Ronnie E. Wells

Ronnie E. Wells poses near his home on Water Street in Old Eddyville (1955).

It was a very hot day in July, 1955. As a 9-year-old boy awakening early that morning in my old hometown of Eddyville, I began to wonder what I could do for the day.

I decided to walk into town to see what was happening. As I walked, I met and greeted several people along the way. Just before arriving at my Dad’s gas station on Water Street, I met a friendly, elderly gentleman whom I did not know. We spoke and he asked me if I would like to have this fish that he had caught earlier that morning. It was on a string and looked fairly good size to me. Of course, at that age I didn’t know much about fish. I could only imagine how good a fish dinner would taste tonight — yummy!

So I replied, “Yes sir, thank you mister,” took the fish and with excitement, ran to the station to show my Dad. I showed my father the prized fish and explained how I received it. A frown came over his face and a response of, “No, we don’t need that fish.” Filled with disappointment, I turned and walked away. Then I had an idea, if my Dad doesn’t want it, I bet someone else would love to have my fish.

As I continued to walk, I asked several other fellows if they would like to have my fish — free, no charge! Unfortunately, they all replied with the same answer, “No, thank you.” By this time, I was starting to wonder if my fish was a “good fish” or a “bad fish,” I had no idea which. Still I had hope, so I continued my search.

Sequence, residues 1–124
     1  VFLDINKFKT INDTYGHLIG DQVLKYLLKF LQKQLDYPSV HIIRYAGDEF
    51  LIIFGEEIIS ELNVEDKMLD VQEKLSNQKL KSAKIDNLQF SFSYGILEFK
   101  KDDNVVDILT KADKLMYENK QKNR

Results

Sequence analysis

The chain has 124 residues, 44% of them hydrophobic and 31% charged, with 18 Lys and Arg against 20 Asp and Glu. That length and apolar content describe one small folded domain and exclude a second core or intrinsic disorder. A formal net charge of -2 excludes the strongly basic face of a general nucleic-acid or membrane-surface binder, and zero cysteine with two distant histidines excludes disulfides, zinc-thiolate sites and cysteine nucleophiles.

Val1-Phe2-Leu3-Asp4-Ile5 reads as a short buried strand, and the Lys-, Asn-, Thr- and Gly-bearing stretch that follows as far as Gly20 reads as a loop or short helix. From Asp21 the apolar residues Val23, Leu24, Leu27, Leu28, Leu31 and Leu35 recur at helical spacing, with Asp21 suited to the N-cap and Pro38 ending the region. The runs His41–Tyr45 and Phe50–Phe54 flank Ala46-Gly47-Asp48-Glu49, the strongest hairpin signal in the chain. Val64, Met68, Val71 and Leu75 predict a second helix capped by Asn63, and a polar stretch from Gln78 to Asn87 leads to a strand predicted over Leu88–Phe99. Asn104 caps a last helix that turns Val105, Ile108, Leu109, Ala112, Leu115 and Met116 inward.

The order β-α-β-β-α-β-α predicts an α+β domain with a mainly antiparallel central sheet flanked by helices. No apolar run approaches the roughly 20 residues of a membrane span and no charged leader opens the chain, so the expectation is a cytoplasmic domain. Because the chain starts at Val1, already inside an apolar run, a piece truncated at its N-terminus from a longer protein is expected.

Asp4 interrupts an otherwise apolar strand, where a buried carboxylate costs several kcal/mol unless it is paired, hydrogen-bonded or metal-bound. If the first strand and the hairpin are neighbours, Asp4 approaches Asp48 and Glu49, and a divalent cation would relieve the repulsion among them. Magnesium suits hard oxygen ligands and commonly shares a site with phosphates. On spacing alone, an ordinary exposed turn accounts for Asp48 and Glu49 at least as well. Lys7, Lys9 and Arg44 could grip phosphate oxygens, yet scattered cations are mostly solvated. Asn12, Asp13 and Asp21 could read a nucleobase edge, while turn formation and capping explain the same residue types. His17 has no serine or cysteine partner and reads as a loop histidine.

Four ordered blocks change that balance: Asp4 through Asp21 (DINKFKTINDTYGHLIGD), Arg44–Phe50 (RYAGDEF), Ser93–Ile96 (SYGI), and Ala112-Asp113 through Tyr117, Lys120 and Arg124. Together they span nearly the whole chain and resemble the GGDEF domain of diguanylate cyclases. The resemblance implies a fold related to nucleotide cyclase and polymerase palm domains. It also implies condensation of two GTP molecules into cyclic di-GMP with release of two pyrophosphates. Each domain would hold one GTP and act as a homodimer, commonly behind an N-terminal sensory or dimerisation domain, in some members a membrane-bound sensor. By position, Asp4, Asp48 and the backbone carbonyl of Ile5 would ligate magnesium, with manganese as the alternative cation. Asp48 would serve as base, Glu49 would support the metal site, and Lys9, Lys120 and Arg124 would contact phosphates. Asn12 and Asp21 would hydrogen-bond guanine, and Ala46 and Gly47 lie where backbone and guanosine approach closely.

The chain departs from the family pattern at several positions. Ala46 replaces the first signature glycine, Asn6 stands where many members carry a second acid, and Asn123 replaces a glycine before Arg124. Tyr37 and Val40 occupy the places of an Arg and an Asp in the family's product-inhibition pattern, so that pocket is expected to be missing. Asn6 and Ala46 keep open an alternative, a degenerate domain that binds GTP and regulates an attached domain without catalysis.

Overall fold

Sure enough, behind her house hanging clothes on the clothesline was good ole “Miss Mae.” I just knew she would want my fish. As I approached her, I held up my fish and said, “Look Miss Mae what I brought you for supper tonight.” Like my Dad, she frowned and said, “No, thank you Sonny.” Again, I was rejected.

Even though I was somewhat downcast by this time, I continued searching until mid-afternoon. Just as my hope began to fade, I saw in the distance a good friend of mine. He was a couple of years younger than me. I hollered, “Hey Jim, hold up a minute.”

As I walked closer to him, I held up my fish and loudly said, “Man, look what a monster I have here.” His eyes grew big and he said, “Yeah, I wish I had one like that.” So I thought, here’s the winner. I told Jim since he was a good buddy of mine, I would give him the fish and he could take it home to his mother for supper tonight. He was brimming with excitement, and thanked me profusely, as he ran home to his mother with the fish.

Little did he know that I had already asked his mother, “Miss Mae,” earlier that morning and she had said, “No!” As he hurried away, I inwardly chuckled and wondered what his mother would say, and imagined the expression on her face when her son, Jim, presented her with his fish.

Many years have since passed, and I still do not know the answer.